Over the past few decades, a ‘job for life has become an antiquated concept and we are progressively seeing past the dominant 9-5 office-based model of ‘traditional’ employment.  According to the recent  ‘Remote Working  National Survey’ 95% of employees wish to work remotely for some or all of the time.

Flexibility is tremendously important in the new world of work and for HR professionals it acts to support talent attraction and retention. According to Ernest Youngs, 2021 ‘Work Reimagined’ global employee survey 54% of employees would consider leaving their job post-COVID-19 pandemic if they are not afforded flexibility in where and when they work.  Despite this, some reluctant employers are regressing , uncomfortable with the idea of ‘allowing’ employees to work flexibly they are forcing staff back to the office.

HR Talent leaders can learn from the rise of freelancing and the pulling power of mimicking its flexibility. The focus needs to be firmly on work itself, not where it’s done and more employers need to be offering up flexible contracts, location and hours. Leading employers are already embracing the contingent labour force, according to the most recent World economic forums ‘Future of Work’ report, 43% of businesses surveyed are set to reduce their workforce due to technology integration, and 41% plan to expand their use of contractors for task-specialized work.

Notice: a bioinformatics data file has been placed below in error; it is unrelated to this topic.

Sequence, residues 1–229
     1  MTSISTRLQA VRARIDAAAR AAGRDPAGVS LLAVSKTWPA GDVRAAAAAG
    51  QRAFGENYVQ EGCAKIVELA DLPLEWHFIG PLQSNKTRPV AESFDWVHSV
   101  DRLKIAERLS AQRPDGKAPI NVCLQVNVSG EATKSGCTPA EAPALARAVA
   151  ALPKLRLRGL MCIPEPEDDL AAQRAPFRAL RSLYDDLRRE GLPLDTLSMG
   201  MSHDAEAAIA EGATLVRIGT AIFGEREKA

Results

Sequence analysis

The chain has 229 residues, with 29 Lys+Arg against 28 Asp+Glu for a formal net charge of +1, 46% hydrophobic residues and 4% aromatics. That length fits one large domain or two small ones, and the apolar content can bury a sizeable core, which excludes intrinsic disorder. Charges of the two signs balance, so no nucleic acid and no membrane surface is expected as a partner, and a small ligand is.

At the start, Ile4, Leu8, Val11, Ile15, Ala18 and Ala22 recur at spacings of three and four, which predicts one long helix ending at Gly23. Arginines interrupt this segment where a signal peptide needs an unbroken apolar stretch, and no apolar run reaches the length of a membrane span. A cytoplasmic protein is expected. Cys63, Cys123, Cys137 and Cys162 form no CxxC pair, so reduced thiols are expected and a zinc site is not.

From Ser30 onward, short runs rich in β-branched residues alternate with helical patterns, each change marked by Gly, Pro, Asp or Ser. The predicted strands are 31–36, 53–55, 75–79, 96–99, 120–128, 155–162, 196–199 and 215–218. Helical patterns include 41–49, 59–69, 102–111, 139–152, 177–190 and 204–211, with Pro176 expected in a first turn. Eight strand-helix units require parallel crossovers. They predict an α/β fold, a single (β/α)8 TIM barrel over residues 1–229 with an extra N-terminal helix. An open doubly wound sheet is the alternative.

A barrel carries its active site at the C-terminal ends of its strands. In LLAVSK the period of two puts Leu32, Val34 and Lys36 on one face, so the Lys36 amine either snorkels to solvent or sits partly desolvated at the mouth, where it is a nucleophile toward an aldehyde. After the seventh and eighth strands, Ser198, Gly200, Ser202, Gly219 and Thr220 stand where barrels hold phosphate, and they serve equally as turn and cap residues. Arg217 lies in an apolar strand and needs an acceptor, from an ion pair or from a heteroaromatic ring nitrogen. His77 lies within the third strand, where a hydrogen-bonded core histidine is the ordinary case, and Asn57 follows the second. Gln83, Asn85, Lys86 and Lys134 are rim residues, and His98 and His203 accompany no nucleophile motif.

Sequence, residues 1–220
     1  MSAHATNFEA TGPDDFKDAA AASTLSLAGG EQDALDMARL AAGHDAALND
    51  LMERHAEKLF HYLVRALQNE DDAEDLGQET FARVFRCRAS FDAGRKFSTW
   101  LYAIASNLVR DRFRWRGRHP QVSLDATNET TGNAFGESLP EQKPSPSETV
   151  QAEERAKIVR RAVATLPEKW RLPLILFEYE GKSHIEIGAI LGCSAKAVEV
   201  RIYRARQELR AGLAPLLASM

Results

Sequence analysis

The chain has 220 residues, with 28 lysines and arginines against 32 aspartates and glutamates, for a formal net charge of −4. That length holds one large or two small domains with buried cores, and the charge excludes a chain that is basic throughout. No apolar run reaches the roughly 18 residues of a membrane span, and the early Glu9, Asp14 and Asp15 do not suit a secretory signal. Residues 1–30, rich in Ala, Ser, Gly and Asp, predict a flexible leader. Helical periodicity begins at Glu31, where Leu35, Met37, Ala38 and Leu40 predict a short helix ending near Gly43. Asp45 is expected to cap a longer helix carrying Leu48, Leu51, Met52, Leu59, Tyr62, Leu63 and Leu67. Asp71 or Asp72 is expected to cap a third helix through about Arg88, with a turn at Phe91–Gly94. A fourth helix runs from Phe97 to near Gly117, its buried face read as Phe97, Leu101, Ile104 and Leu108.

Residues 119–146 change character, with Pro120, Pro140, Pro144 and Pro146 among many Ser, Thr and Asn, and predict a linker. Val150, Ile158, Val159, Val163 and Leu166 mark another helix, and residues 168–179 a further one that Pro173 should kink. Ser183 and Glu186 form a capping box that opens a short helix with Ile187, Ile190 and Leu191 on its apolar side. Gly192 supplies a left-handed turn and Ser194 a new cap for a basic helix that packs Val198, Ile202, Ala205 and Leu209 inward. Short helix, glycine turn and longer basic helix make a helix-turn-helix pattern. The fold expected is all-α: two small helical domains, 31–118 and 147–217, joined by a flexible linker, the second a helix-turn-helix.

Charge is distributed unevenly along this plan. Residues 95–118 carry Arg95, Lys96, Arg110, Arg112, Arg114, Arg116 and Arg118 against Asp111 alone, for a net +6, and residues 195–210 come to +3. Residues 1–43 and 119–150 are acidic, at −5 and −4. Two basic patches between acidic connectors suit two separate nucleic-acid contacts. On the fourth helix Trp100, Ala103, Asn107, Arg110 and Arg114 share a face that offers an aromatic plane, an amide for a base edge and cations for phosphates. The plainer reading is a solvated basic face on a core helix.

Freelancing and the Gender Gap

Countless studies have shown the burden of caregiving disproportionately falls to women, many of whom juggle work alongside primary caregiving responsibilities. For years HR has worked to promote equity within the workplace and increase female workforce representation, particularly at senior levels. Despite this, labour force participation for those who go on to become mothers continues to decline, figures from the central statistics office  show that 1 in 10 women in receipt of maternity benefit in 2018 did not return to paid employment the following year. It is evident that traditional employment has done little to facilitate working caregivers and employment legislation doesn’t offer the right to request flexible work in Ireland. Whereas freelancing is offering caregivers the opportunity to remain active in the workforce, by choosing when and how they work.